Treating an impaction colic effectively must address three critical areas:
- Hydrating the gut.
- Providing lubrication.
- Treating the horse’s pain.
The first two steps will help to resolve the impaction itself. “We provide fluids via nasogastric tube directly to the gut,” says Bryant. “We are trying to rehydrate that big, firm food bolus.” Electrolytes are often added as well to help pull additional water into the gut.
Mineral oil, also administered via nasogastric tube, will coat the food bolus, making it easier for the horse to pass. “Some oil will also get into the bolus and help break it apart,” Bryant adds.
Banamine is the preferred medication for a mild to moderate impaction, administered at an appropriate dosage once every twelve hours. It is important to address the horse’s pain because pain causes the gut to stand still. But some horses’ pain does not respond to this protocol. This is referred to as “breakthrough pain” and indicates that a horse most likely should be referred to a veterinary hospital or clinic.
The next step up for pain control is butorphanol, Bryant adds, a morphine type drug, administered intravenously. The additional advantage to hospitalization at this point is that a horse in extreme pain is unlikely to be willing to drink; IV fluids can be administered to improve overall hydration levels. In extreme cases, pain relieving drugs can be mixed at a continuous rate into the IV fluids.
One of the ironies of an impaction is that the horse’s pain level is likely to increase before it gets better—but this is actually a positive sign.
“When a sponge absorbs water it gets bigger,” explains Bryant. “The bolus will cause more pressure on the gut as it starts to break up. The level and duration of the pain depends on the size of the impaction.”
To confirm that an impaction has fully resolved the veterinarian may perform another colic exam. If the impaction was severe, this process may be done several times. The passing of fresh manure is a positive sign, as is evidence of mineral oil. It is only safe to start feeding the horse again once the veterinarian is confident that the impaction has been cleared. Bryant suggests starting with mashes to keep water intake high, as well as adding corn or vegetable oil.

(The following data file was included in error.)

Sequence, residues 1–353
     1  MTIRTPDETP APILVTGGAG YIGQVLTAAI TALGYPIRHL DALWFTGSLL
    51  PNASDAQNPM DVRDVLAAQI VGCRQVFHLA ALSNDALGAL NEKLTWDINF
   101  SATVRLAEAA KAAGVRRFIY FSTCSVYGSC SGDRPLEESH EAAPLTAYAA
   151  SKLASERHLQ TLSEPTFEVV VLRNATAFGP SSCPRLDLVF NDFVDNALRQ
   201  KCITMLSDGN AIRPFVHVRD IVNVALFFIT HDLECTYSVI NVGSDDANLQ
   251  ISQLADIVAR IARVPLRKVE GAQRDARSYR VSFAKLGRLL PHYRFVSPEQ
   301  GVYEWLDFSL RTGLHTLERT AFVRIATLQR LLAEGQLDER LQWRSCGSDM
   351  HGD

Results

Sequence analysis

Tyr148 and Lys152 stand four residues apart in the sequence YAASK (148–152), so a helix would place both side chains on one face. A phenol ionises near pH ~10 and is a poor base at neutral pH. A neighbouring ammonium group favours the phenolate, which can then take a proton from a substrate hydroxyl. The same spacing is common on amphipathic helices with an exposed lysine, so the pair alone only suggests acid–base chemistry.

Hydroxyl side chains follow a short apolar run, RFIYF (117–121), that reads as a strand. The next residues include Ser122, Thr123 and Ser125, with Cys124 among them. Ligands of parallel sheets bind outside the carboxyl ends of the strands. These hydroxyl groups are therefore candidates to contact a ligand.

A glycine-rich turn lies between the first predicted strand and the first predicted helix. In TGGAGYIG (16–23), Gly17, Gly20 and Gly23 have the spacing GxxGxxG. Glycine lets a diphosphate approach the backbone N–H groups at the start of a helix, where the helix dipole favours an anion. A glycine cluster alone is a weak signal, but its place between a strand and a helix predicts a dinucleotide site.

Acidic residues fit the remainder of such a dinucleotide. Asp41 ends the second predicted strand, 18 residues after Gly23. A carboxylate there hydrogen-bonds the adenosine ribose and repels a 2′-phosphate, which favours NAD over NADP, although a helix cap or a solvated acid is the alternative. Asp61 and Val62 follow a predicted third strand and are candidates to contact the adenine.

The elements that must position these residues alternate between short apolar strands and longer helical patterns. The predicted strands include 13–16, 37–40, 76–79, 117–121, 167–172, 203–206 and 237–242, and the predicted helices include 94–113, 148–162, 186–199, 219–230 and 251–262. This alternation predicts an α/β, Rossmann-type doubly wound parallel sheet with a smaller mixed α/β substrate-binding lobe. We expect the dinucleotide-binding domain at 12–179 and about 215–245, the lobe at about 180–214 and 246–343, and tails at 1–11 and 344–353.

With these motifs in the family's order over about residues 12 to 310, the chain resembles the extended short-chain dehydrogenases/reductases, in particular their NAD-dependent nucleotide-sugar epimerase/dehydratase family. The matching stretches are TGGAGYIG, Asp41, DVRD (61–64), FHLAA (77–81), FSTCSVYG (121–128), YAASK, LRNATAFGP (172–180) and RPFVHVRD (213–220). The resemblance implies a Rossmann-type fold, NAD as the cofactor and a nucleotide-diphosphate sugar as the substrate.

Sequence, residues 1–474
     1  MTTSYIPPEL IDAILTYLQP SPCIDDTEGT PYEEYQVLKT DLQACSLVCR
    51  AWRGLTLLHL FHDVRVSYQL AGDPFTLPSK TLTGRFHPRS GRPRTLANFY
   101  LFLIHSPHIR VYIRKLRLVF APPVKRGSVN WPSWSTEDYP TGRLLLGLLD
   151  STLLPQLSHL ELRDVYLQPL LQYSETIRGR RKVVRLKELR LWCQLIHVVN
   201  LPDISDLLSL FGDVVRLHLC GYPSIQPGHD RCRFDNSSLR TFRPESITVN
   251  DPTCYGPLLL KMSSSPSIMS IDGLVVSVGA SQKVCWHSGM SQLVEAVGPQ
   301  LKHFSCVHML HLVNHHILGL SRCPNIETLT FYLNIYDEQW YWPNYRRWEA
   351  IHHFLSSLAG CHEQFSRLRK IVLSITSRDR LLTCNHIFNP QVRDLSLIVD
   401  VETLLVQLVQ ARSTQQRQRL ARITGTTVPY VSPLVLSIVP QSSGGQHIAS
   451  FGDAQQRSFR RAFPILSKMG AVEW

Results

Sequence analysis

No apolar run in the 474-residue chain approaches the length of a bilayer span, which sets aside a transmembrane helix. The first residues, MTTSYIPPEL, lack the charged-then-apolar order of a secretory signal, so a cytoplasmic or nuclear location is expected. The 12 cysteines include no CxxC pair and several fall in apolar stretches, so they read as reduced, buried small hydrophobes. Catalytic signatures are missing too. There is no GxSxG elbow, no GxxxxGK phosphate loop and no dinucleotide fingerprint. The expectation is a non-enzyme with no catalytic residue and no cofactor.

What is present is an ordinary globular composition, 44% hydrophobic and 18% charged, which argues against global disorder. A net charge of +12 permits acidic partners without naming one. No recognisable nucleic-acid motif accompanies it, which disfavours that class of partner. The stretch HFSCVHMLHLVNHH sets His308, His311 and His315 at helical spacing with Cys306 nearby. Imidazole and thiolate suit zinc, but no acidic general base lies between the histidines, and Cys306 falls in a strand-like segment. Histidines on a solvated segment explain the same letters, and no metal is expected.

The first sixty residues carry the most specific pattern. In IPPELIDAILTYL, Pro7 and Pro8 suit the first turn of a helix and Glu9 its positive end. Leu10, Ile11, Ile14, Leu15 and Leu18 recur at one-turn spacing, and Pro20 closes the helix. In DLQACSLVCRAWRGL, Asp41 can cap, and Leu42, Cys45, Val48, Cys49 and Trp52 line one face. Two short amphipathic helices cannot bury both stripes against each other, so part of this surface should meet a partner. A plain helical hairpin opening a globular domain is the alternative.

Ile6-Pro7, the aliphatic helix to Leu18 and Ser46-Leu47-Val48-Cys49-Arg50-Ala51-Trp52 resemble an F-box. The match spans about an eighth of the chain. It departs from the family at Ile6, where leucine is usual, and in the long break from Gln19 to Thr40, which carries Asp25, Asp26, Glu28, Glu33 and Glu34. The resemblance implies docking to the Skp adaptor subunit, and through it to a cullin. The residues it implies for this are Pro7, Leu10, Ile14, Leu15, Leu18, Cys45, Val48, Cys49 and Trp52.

“When re-feeding a colic we start with a low bulk food, like equine senior, which is a complete feed, and forage extender soaked into a mash,” says Bryant. “This will get short fiber into the horse and gets the gut working again without overloading it.”
If the horse remains comfortable after 24 hours small handfuls of hay can be introduced. Small, frequent meals are the key—4-6 meals per day, with 1 to 2 cups total mash feed per meal, as long as the horse is continuing to pass manure.
“Over the next three to five days, you can increase the amount and decrease the frequency,” says Bryant. “It varies a little from horse to horse, but the most important thing is that the horse is still passing manure.”
Despite a horse owner’s best efforts, colic can occur in nearly any horse and potentially be life threatening. The horse’s best chance at survival comes with prompt recognition of the symptoms and following veterinary advice, even for a colic that might seem minor.
*All content is for informational purposes only. Contact your veterinarian if you have any questions or concerns about the health of your animals.
About the Author
Christina Keim is a self diagnosed equine addict who has been around or on top of horses for a nearly uninterrupted span of over thirty years, when she was first given riding lessons “just for the summer.” She has enjoyed and experienced many disciplines including hunters, equitation, jumpers, dressage, eventing, Pony Club and most recently competitive trail riding. Christina is based at her Cold Moon Farm in Rochester, NH, and holds an M.Ed. from the University of New Hampshire.